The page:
Since Ivy was born, Penelope has been very interested in growing and getting older. Many times each day, she asks, “Am I growing right now?” She is fascinated by the fact she is literally growing and changing a tiny bit each moment. I always answer, “Yes, you sure are. You are growing a little bit bigger right this very minute. Isn’t that wonderful?”

And it is. It is, of course, a joy and privilege to have two healthy, thriving children. I do not take it for granted. But, the passage of time is also a tiny bit of heartbreak every day.

As I see her becoming the person she is going to be, I feel a messy jumble of emotions – pride and gratitude and joy and sadness – all tangled together. I watch my lovely girl all day long. I try to memorize her. I take pictures. I write myself notes. I pour out everything I can think of into that journal at the end of the day.

And, yet, I know. I know no matter how present I am, how much I work to be only here, to appreciate right now without looking backward with longing or forward with worry, no matter how many notes I make or pictures I take or funny moments I text to Hugh, I know these days will fade away into a blur.


Already, I can conjure a highlight reel of them, my hazy, happy Penelope memories – the way she used to wave backwards, her chubby palm turned in; the squealing shriek she made to express her joy before she could talk; when she called hyenas hi-nennies; the tottering walk with both arms straight-up in the air; the way she only referred to herself in the third person; the way she couldn’t get both feet off the ground when she jumped – and they seem like a lifetime ago.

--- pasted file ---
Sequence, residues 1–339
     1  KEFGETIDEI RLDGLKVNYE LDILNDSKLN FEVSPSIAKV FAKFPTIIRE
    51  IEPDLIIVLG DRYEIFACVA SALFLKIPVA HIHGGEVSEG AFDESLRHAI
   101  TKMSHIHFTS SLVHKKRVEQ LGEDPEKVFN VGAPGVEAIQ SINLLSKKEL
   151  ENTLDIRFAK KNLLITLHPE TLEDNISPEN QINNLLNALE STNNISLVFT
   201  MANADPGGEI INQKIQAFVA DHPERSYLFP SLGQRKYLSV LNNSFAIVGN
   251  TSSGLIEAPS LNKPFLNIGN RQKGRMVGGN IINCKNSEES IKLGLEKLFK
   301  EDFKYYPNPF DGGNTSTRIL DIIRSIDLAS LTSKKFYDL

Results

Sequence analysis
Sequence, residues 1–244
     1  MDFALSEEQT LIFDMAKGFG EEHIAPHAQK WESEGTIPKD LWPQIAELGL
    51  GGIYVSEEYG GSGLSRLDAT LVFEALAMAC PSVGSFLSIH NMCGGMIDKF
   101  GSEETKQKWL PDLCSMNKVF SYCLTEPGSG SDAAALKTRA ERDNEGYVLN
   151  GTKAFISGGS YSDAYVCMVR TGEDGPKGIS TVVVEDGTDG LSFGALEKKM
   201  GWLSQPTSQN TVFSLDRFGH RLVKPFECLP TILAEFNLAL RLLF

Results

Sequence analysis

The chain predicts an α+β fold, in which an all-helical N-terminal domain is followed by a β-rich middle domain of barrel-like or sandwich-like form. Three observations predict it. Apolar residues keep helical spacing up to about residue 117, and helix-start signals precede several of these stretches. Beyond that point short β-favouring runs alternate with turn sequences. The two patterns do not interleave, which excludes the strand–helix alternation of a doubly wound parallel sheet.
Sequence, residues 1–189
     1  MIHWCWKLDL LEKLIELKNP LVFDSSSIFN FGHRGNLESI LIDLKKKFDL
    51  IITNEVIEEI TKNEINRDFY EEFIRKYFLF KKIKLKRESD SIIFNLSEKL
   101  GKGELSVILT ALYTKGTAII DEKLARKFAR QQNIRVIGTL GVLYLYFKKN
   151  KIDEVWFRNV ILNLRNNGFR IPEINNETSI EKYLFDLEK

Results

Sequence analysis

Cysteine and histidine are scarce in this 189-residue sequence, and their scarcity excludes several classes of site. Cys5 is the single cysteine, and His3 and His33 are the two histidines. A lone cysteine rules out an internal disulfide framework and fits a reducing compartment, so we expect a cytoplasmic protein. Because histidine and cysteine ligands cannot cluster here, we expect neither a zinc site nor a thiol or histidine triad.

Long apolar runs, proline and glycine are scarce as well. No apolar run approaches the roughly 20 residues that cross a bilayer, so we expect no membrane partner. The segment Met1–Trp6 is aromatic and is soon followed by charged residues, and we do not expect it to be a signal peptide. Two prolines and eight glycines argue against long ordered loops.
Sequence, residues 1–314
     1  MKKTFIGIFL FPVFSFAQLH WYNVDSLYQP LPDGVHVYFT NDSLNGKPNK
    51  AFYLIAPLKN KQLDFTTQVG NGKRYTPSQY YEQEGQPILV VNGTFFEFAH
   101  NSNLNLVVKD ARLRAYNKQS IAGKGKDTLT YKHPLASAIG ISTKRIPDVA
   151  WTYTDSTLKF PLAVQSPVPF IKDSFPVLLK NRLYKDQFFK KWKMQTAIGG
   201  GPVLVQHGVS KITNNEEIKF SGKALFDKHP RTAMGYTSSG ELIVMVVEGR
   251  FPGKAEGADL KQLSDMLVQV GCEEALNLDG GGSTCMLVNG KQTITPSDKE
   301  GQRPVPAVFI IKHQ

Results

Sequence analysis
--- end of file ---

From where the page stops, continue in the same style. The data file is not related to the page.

Before Penelope was born, I thought the letting go was one big moment. The college drop-off. That I would spend eighteen years building toward releasing her into adulthood.

But, by the time she leaves, I will have let her go over and over again. I will have cheered and clapped and smiled my biggest smiles for her thousands of times. I will have been standing there for her whole life, proud smile on my face and heart in my throat, as she inched away, looking back every now and then to make sure I was watching, so gradually I barely realized she was going.